In what ways do social class, gender and ethnicity intersect with educational attainment and participation? Provide some examples to illustrate.
Nearly thirteen years into the new millennium and so many of the gaps most noticeable within the education system in the twentieth century have been closed. Attainment and participation in both primary and secondary education is now almost equally open to boys and girls from around the world, and tertiary education is even seeing a bias in women’s attendance over men. However, despite these positive changes, social class, gender and ethnicity still have a major impact on education and intersect with not only attendance, but with personal achievement too.
Since the industrial revolution in the mid 1700s, our world has changed dramatically. Education, through new technologies and the creation of new jobs, has become a compulsory and necessary part of our lives. With focus on economy, politics and individualization rather than the traditional household and religious roles of life, we have become much more dependent on knowledge, as education provides multicultural experiences for many different classes that home life would just not be able to do.
First of all I am going to investigate social class and it’s impact on educational achievement. Worldwide, 121 million children are denied access to education, especially in low-income countries and there are many reasons for this. It can depend on their teachers, peer influence, parental guidance, financial situations, willingness to learn and willingness to succeed. Children from lower classes or those in poverty, while they may still avail of free public education and may be forced into compulsory education by the law, they still do not have to try to attain anything or to achieve anything in school. Teachers may not give them the attention they deserve because of their social class; their parents may not be supportive and may not care how well they do, this can lead them to lose motivation and interest in their education due to a lack of attention. There are other reasons too, for example, children from bad backgrounds or living in bad areas may be influenced by their peers to dismiss school or to not try in school because it is not deemed “cool”. On the other hand, children from affluent or privileged backgrounds are also susceptible to this because of lack of direction or attention from parents who may be working frequently. Some students do not attain good results in school because they adopt the attitude that can be described as, “Real Englishmen”, where they feel they are better than the teachers and can effortlessly achieve good grades in school. (Mac an Ghaill, M. 1994.) Middle class parents are also in a better position to take advantage of increasing school choice. It is unfair on the lower social classes because they have limited access to certain (oversubscribed) schools due to set admissions criteria. For example, a private boarding school such as Glenstal Abbey School in Limerick, charges fees of €15,100, which limit attendance of the school to certain groups. In 2011-2012 this was the number one school in Ireland according to the Sunday Times Magazine, and the majority of students there attained great leaving certificate results. Children in lower classes cannot afford to go to private schools such as this without scholarships, which are also limited, so they don’t have the same opportunity as upper class children to achieve good results. Hence their social class intersects with their educational attainment.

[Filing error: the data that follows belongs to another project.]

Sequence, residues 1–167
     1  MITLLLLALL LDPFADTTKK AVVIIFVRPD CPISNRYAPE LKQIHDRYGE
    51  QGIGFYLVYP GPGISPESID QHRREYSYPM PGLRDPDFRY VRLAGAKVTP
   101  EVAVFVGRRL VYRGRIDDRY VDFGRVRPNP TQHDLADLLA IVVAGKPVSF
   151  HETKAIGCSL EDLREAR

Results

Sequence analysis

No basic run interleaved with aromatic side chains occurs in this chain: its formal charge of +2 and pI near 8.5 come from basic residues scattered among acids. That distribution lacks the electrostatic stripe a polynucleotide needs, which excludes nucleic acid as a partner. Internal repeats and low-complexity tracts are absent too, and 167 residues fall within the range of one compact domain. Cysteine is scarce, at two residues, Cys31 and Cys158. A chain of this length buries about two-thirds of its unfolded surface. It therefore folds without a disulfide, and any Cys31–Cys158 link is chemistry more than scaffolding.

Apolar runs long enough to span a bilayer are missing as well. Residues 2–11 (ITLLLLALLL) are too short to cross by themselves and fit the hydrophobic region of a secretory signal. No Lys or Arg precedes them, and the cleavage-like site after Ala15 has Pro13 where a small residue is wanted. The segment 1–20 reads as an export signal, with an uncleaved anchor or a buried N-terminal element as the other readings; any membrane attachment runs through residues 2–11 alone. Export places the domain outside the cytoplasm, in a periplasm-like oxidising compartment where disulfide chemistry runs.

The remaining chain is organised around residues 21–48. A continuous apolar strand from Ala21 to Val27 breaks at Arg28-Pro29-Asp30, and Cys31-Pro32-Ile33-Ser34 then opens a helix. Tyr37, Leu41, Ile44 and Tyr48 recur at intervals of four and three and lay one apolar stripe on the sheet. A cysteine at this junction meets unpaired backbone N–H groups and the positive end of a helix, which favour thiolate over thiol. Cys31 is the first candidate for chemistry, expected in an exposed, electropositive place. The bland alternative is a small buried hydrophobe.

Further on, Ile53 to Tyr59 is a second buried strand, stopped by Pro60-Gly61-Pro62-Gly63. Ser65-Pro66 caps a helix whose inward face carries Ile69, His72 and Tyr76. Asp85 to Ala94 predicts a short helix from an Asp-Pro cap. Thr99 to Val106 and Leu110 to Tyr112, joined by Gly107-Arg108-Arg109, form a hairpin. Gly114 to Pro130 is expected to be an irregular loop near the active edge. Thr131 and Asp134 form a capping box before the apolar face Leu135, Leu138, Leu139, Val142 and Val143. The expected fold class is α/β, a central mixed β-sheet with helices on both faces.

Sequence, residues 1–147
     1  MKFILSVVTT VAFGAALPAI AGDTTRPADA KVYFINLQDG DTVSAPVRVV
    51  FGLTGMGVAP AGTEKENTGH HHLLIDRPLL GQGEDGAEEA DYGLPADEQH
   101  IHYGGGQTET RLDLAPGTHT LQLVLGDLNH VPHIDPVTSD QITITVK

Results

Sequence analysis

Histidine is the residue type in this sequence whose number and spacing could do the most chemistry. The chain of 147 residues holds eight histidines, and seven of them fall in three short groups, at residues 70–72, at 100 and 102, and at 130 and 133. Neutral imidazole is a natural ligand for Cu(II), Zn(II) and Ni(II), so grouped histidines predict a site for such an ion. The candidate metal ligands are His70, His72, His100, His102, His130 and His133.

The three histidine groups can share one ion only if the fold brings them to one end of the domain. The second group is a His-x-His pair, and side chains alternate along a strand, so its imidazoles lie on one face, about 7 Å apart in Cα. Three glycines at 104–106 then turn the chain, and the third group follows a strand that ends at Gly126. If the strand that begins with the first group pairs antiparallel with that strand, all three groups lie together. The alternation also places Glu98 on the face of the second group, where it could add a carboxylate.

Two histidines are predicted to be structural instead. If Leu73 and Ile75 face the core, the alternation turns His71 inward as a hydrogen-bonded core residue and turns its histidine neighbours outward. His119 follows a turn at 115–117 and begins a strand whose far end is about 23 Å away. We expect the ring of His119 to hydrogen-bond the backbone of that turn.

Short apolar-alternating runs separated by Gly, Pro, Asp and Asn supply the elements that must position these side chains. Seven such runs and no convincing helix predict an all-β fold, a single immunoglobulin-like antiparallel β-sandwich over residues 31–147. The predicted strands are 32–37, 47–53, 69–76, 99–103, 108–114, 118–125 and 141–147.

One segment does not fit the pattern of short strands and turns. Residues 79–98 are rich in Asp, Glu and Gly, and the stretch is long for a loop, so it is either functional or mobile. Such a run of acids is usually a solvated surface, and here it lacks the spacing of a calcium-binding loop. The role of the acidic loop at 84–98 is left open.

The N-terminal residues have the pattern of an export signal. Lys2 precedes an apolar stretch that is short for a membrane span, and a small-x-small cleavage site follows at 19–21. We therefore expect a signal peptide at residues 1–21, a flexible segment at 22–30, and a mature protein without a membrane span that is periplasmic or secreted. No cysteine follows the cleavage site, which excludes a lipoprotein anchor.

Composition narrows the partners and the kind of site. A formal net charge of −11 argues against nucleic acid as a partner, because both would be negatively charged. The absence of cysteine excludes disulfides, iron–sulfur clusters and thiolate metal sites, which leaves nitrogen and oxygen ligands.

Social class can have a major effect on educational attainment. Both regional and national results’ averages can be brought down drastically by students who, for some reason or other, do not try in school. It could be the wealthy kids who don’t care, or the lower class children who are not supported. Either way, there has been a fall in the standards of results in recent years due to weaker...
References: * Mac an Ghaill, M. (1994) The Making of Men: Masculinities, Sexualities & Schooling
* Page, E. Jha, J. Commonwealth (2009) Exploring the Bias: Gender + Stereotyping in Secondary Schools
* OECD (2010) PISA 2009 results learning trends: changes in student performances since 2000
* Source: WDR 2012 team estimates based on World Development Indicators.
* OECD PISA (2006) http://siteresources.worldbank.org/INTWDR2012/Resources/7778105-1299699968583/7786210-1315936222006/chapter-3.pdf
* Source: Faas, D. Ross, W. (2012) “Identity and Diversity and citizenship”, International Sociology 27(4) 574-59
* Connors H, Tyers C., Modood T, Hillage J. (2004) ResearchReport RR552, Department of Education and Skills
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